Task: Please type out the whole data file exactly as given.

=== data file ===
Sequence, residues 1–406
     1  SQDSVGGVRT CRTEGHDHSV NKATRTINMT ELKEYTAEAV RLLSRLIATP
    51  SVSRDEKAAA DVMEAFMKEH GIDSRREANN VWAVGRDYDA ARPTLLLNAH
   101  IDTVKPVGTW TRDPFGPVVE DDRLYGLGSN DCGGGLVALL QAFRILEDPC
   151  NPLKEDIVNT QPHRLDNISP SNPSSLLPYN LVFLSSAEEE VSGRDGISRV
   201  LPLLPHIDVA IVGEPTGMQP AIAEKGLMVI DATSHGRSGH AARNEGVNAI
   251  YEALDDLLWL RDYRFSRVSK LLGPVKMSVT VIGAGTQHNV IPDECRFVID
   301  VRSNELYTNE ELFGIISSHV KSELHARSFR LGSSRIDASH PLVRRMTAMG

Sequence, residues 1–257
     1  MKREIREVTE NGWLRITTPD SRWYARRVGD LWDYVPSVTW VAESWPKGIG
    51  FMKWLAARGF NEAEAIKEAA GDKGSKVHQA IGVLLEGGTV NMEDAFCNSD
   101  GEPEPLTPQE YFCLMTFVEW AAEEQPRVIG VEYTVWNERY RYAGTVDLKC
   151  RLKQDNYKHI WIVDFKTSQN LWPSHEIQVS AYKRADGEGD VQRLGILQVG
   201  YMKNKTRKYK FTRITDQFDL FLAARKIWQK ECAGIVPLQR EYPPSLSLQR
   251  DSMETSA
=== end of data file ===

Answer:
Sequence, residues 1–406
     1  SQDSVGGVRT CRTEGHDHSV NKATRTINMT ELKEYTAEAV RLLSRLIATP
    51  SVSRDEKAAA DVMEAFMKEH GIDSRREANN VWAVGRDYDA ARPTLLLNAH
   101  IDTVKPVGTW TRDPFGPVVE DDRLYGLGSN DCGGGLVALL QAFRILEDPC
   151  NPLKEDIVNT QPHRLDNISP SNPSSLLPYN LVFLSSAEEE VSGRDGISRV
   201  LPLLPHIDVA IVGEPTGMQP AIAEKGLMVI DATSHGRSGH AARNEGVNAI
   251  YEALDDLLWL RDYRFSRVSK LLGPVKMSVT VIGAGTQHNV IPDECRFVID
   301  VRSNELYTNE ELFGIISSHV KSELHARSFR LGSSRIDASH PLVRRMTAMG

Sequence, residues 1–257
     1  MKREIREVTE NGWLRITTPD SRWYARRVGD LWDYVPSVTW VAESWPKGIG
    51  FMKWLAARGF NEAEAIKEAA GDKGSKVHQA IGVLLEGGTV NMEDAFCNSD
   101  GEPEPLTPQE YFCLMTFVEW AAEEQPRVIG VEYTVWNERY RYAGTVDLKC
   151  RLKQDNYKHI WIVDFKTSQN LWPSHEIQVS AYKRADGEGD VQRLGILQVG
   201  YMKNKTRKYK FTRITDQFDL FLAARKIWQK ECAGIVPLQR EYPPSLSLQR
   251  DSMETSA